BECQ/DCRM has a good idea with some pleasant unintended consequences for a change. While I am sure BECQ is primarily interested in keeping cars out of the creek and off the beach at Jeffrey’s, building a boardwalk adds to the tourist experience where a barricade to keep them out just removes one more beauty spot from our arsenal of attractions that keep our tourists occupied while showing them the finer side of Saipan. Good thinking, BECQ/DCRM!
A boardwalk can be a fascinating attraction and is widely used in the Florida Everglades and elsewhere to highlight places of interest with minimal damage to the site by visitors. They must be engineered to withstand expected weather events and piles in this case must be driven deep enough to withstand typhoon-class waves and wind. Placement to avoid the most direct exposure also needs to be considered. Since BECQ gets fed grants to do its work, they should add a public restroom at a suitable nearby site to the contract deliverables. Maybe a waterless self-composting type (?) or a low water usage septic tank-style located higher up the slope to the north. Whatever the design, a restroom will keep tourists that just “have to go”’ accommodated without polluting the countryside with waste.
While we’re at it, how about doing the same at Hidden Beach (or San Juan Beach as it is sometimes known) at the north end of the Kingfisher Golf Links? That beach now has a large volume of traffic (no longer “hidden”). A tourist site without a bathroom is a recipe for abuse. We, the host for the tourists, abuse them by not placing a comfort room where they need it. They, in turn, abuse the environment by doing what they need to do where it should not be done. So a nice boardwalk, interpretive signs, and restrooms at both of these sites would go a long way toward making our visitors comfortable and toward keeping our environment clean and ticking too.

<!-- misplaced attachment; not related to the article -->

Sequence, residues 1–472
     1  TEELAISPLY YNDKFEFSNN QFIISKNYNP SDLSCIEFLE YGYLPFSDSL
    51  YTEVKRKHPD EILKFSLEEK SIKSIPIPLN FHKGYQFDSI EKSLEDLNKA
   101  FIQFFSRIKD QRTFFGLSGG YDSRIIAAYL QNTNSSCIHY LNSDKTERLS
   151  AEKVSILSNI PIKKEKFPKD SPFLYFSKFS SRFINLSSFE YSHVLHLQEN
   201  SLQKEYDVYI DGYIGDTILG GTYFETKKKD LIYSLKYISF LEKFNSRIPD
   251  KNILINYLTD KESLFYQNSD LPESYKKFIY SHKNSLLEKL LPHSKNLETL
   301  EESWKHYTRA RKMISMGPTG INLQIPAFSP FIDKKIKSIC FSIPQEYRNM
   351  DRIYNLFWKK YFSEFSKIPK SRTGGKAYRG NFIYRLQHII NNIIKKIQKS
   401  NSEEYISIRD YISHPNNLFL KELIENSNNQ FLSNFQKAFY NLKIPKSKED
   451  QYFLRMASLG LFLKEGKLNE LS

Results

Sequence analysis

The wetlands down by Lake Susupe and the ones just outside and south of Tanapag or just north of the Aqua Resort Club would be excellent candidates for this treatment as well. Flora and fauna and their precarious balance with the Saipan ecosystem can be taught and passed on to visitors, students and the general populace of Saipan with great effect. Please?
It is Thanksgiving weekend so I am thinking of all my friends and relatives on Saipan and elsewhere. I’m here in the Manila suburb of Bonifacio Global City so will miss the gut-busting turkey dinner with all the trimmings this year. Maybe that is for the best. I really like to eat well-roasted turkey with dressing and all the usual fixings and seldom have the willpower to stop anywhere near a reasonable quitting point. Oh no, I must eat until I am miserably stuffed and looking about eight months pregnant with stomach protruding like I have a bowling ball implanted in my abdomen. Yesterday was not a problem as that kind of dinner was not readily available here, so I ate reasonably for a change.